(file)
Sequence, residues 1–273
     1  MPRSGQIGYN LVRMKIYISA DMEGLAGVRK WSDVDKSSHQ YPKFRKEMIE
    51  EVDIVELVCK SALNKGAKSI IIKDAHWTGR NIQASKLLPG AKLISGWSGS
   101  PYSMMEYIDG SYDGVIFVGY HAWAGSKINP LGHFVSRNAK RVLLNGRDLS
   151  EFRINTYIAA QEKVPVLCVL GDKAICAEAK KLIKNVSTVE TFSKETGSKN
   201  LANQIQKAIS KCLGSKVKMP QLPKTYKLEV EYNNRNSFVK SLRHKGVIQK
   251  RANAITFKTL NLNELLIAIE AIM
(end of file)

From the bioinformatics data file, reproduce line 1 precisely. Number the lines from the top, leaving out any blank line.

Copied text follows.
Sequence, residues 1–273